Keywords: efficient defences, reactive oxygen species, ROS, metabolic processes, thermal instability, DNA damage, low radiation, ionising radiation, linear no threshold model, LNT modelling, hormetic models, societal penalties, Chernobyl aftermath, precautionary principle
The paradigm that failed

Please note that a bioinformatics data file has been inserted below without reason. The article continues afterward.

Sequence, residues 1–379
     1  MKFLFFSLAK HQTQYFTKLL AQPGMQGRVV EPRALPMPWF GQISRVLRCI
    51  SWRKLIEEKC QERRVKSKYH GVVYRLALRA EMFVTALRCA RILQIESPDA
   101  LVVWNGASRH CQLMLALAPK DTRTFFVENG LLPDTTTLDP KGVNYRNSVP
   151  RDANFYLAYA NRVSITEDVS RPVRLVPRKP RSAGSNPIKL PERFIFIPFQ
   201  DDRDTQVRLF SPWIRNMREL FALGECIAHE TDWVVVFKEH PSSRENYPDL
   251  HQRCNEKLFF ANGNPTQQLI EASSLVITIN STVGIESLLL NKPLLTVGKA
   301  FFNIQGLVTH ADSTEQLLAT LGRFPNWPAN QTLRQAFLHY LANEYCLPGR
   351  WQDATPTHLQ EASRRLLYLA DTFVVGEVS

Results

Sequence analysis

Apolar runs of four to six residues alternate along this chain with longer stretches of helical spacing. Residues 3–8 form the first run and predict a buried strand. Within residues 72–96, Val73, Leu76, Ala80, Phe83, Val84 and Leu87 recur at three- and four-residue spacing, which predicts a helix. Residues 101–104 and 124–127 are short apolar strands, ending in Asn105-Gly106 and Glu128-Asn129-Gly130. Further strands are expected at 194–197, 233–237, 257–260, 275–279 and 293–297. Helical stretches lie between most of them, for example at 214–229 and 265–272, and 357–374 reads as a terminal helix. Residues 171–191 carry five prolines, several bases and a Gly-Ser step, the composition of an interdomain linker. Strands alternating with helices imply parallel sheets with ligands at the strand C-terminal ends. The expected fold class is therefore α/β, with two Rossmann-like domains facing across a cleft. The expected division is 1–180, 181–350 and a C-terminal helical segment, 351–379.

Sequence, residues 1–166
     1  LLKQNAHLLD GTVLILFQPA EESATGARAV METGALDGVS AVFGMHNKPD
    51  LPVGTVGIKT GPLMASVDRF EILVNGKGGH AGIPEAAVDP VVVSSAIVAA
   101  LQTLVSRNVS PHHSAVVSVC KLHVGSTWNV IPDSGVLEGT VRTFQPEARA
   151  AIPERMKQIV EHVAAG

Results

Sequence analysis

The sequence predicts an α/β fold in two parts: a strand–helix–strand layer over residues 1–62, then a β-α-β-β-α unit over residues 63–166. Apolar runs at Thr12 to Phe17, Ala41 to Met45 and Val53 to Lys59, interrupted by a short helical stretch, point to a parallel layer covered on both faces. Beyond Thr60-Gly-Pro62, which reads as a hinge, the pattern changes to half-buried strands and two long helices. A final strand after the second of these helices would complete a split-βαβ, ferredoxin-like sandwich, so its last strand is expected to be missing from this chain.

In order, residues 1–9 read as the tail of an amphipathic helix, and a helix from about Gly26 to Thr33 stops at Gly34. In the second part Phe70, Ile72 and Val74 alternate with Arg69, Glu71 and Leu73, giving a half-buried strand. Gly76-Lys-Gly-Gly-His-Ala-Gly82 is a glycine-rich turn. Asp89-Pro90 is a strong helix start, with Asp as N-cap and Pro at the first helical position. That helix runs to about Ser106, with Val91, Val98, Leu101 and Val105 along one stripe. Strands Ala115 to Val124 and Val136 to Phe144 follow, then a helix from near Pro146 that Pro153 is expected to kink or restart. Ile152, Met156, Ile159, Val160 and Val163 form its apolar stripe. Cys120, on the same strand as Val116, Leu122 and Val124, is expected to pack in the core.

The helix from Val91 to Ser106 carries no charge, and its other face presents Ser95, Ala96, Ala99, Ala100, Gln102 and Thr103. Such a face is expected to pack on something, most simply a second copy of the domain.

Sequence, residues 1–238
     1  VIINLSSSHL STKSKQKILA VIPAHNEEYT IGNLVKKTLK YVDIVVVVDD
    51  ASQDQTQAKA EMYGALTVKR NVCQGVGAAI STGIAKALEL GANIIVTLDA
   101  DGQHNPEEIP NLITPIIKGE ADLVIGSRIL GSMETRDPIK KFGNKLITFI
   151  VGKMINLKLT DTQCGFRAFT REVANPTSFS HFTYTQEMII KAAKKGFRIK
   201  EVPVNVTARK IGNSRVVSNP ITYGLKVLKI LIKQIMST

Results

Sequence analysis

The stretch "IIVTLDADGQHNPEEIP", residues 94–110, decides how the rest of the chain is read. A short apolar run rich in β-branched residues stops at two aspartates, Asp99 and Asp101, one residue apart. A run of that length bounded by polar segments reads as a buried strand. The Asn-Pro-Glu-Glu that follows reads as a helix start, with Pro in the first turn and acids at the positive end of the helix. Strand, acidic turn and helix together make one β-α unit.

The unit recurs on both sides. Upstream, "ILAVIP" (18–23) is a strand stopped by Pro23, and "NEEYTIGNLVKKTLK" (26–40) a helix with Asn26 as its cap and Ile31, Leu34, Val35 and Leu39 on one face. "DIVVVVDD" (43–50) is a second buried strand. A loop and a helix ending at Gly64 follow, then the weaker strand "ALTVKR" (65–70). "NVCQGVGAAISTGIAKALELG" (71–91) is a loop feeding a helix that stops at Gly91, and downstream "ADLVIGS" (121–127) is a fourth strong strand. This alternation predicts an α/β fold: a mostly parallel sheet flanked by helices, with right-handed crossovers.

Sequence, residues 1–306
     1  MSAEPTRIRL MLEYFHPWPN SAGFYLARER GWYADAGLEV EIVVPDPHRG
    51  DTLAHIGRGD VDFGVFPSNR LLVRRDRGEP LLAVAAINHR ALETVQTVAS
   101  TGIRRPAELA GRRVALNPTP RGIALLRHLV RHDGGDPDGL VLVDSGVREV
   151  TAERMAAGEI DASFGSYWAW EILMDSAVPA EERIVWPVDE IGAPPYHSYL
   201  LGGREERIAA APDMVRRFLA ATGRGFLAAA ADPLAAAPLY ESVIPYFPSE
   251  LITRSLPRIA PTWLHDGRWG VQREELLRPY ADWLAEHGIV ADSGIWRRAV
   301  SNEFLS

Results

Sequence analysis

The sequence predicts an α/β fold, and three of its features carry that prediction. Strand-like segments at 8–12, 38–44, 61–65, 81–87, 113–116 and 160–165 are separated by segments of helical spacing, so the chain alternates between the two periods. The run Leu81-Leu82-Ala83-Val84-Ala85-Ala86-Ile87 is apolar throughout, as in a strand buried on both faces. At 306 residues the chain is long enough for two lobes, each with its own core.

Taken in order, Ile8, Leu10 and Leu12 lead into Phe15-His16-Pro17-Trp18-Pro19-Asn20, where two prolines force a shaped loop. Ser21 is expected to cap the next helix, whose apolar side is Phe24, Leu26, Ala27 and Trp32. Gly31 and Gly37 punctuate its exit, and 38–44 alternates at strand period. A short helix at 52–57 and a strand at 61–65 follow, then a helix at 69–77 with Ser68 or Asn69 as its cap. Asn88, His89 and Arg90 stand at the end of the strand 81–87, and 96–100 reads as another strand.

About 2.3 billion years ago, the advent of an oxidative atmosphere, which was lethal for anaerobic biota, stimulated the surviving organisms to develop efficient defences against the enormous flux of Reactive Oxygen Species (ROS) produced by metabolic processes. Even earlier, similar defences were developed against the thermal instability of molecules and other events that damaged DNA. These powerful ancient defence mechanisms also protect the extant oxygen-loving organisms against the DNA damage caused by low levels of ionising radiation, which is one of the smallest risks in the environment, and contributes just a tiny fraction to the spontaneous rate of the DNA-damaging events. In this perspective, the Linear No Threshold (LNT) model of the radiation effects appears inappropriate for the current needs. Because of statistical reasons, it cannot be falsified. On the other hand, the hormetic model has the capacity to be tested in the observable zone. The precautionary principle, an offspring of LNT, leads to unacceptable societal penalties, as demonstrated in the aftermath of the Chernobyl catastrophe.